During the time David worked on the road, I did some Temple Work in the Logan Temple and last year I went to the Idaho Falls Temple with Florence one session. I also went through the Salt Lake Temple with Florence when she went on her mission in April 1918.

     [This was written by Lois Christiansen Olsen.]

            What is this mystery that men call death?
             Our mother before us lies; in all save breath
            She seems the same as yesterday.
            Her face so like to life, so calm, bears not
            A trace of that great change which all of us so dread
             I gaze on her and say "She is not dead but sleeps,
             And soon she will arise and take me by the hand as
             She did yesterday
             And she will have some gentle word to say,
             Some kindly deed to do.
             For loving thought was warp and woof
             Of which her life was wrought.
             She is not dead, souls like this forever live,
             In boundless measure of the love they give.

     Ida Weiermann Wheeler was born in Bern Switzerland, 2 September 1879, the daughter of Gottfreid Weiermann and Anna Elizabeth Reber.  She passed away at Bingham Memorial Hospital 6 January 1959 after a serious illness lasting about three weeks. She is survived by her husband David and the following sons and  daughters: Florence, Leon, Roy, Lorin, Edward, Elnora, Dora, Mearl and Max, thirty eight grandchildren and 55 great grand children.  One son, James, preceded her in death.  Her mother was a seamstress and supported her daughter and two sons in this profession.  They were converted to the Latter Day Saints Church and were baptized in 1888.  Two years later they sacrificed all they had to come to America and live in Zion.  Before they left Switzerland, great grandmother fried bread in butter for them to eat.  The Mormon elders had taught them to say "Hot Water" and they were able to ask for this on the boat.  They poured this over their bread and this was their main food on the trip.  They came Steerage and on the voyage had to changes ships.  During this move their bedding, which they needed very badly, was lost.  When they arrived at Paris, Idaho, Great Grandmother had only $5.00 on which to start a new life.  She was able to get work and thus supported her family.  Grandma Wheeler had very little schooling. She boarded out in homes for two winters and went to school about two months each winter.  This constituted her formal education.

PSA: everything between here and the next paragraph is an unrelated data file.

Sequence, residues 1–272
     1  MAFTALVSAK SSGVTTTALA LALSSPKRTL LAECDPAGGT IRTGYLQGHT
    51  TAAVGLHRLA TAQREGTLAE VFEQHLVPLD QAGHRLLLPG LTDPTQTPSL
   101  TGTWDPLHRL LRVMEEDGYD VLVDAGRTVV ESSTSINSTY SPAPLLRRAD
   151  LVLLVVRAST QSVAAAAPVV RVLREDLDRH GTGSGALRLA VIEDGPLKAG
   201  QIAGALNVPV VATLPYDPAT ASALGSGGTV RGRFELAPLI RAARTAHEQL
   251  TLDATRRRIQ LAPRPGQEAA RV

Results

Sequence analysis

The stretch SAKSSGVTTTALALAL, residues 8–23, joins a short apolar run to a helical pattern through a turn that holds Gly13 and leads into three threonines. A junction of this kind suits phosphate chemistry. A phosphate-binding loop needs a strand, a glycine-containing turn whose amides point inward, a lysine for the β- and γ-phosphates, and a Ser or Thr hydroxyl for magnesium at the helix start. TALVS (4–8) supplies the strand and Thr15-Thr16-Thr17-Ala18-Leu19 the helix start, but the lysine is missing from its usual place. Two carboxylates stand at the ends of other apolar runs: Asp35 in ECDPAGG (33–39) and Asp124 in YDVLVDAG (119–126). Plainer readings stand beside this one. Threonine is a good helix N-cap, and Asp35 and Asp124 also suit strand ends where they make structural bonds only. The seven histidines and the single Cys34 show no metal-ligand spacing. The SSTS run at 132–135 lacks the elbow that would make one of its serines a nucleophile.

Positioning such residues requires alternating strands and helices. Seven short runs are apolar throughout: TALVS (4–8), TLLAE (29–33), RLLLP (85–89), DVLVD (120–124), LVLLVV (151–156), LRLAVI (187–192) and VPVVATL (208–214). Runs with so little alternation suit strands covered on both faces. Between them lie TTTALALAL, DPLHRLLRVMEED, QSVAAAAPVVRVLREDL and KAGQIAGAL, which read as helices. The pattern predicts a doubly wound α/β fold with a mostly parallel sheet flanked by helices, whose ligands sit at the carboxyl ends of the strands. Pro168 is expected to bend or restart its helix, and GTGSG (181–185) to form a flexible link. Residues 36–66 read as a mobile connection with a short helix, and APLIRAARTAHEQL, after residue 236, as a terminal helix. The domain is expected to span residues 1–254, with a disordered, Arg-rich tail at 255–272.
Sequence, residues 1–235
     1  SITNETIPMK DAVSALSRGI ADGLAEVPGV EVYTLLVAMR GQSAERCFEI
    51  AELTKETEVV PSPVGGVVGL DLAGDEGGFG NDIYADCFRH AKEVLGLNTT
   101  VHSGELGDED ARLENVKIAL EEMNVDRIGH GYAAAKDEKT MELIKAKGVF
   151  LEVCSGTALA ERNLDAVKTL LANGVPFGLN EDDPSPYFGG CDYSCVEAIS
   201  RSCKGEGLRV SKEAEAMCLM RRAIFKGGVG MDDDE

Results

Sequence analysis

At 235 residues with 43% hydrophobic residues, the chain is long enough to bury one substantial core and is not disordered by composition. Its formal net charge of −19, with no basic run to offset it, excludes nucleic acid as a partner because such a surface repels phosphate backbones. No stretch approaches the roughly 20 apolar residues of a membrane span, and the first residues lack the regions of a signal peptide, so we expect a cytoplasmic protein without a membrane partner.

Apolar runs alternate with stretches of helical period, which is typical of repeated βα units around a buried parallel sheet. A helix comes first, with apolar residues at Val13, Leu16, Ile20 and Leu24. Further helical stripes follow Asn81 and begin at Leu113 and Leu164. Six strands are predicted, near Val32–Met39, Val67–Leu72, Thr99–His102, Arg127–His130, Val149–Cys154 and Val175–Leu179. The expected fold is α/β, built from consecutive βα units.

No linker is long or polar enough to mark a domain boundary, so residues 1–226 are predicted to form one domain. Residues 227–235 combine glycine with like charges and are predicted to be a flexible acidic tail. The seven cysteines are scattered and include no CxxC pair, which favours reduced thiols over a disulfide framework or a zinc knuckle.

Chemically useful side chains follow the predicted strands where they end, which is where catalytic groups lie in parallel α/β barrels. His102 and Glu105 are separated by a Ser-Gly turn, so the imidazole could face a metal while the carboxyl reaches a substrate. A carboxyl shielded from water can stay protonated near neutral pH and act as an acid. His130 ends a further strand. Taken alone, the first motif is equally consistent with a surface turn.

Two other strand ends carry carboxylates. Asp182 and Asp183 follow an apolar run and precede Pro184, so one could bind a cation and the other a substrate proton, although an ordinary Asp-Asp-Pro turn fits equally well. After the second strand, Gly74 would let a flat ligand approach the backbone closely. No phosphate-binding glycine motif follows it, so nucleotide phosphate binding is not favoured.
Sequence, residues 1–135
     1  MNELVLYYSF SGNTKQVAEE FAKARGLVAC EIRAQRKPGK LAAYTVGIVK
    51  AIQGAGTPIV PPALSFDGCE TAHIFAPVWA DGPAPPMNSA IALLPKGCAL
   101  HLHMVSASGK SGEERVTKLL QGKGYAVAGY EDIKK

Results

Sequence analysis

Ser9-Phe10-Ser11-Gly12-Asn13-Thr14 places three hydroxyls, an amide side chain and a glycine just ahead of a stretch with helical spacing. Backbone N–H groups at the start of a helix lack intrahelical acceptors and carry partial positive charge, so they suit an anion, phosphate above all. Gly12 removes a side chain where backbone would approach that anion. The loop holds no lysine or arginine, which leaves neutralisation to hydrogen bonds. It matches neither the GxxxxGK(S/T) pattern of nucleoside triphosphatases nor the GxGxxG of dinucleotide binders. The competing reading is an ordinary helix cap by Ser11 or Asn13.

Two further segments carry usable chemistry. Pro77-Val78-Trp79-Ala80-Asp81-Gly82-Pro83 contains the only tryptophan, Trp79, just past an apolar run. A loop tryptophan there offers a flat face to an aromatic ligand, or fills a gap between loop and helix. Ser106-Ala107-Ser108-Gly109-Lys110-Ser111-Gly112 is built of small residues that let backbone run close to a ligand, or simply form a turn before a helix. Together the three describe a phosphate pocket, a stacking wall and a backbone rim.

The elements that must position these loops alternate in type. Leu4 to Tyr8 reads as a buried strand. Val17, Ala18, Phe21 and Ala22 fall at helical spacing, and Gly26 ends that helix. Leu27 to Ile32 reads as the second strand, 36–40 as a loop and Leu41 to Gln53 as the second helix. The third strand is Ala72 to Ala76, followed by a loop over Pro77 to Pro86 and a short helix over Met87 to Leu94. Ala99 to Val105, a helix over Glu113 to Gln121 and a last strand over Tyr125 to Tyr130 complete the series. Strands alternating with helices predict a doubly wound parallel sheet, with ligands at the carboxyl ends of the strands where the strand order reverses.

She married David Wheeler, 4 December 1895, in the Logan Temple.  He was called on a mission to the Southern States just six weeks later and was gone for 30 months.  During this time grandma worked in different homes doing housework.  She some time in Preston.  In those days they did washing on the board, ironing with stove irons and scrubbing.  Much harder work than we do now.  Her wages were $1.50 a week.  She worked in the home of Apostle Cowley at the time of the birth of Matthew W.            

     After grandpa returned from his mission, they moved to Indian Valley, Idaho. During their trip they had to stop and grandpa mined gold to get enough money to go to their destination.  While living in Indian Valley her first two children were born.  She nearly gave her life when her first baby was born.  The elders were called in and between them and grandma's great faith, her health was restored.
    In these early years, they moved often and suffered many hardships.  After receiving word of the serious illness of her mother, grandma took her two small children and returned to Logan to care for her mother until death.  Grandpa sold all their belongings and came to Logan to be with her.
     They later moved to Mapleton and lived in a dirt roofed log house.  In 1905 they moved to Moreland and bought the Dave White place where we now live.  When the children went out to play, she put a red bonnet on Florence and white shirts on the two boys so she could check on where they were playing.  One day the dog was making an awful noise so grandma went out to see what was the matter.  The dog was fighting with a coyote and nearly had it killed.  She picked up a wagon spoke and finished the job, then tied her apron on to it and dragged it to the house to be skinned.  They lived in a two room lean to which is still standing on the place.
     When grandpa's brother was called on a mission, they sold out and went back to Mapleton to help on the farm.  One year later they returned to Moreland, with the exception of one year in MacKay and two years in Montana have lived in this vicinity.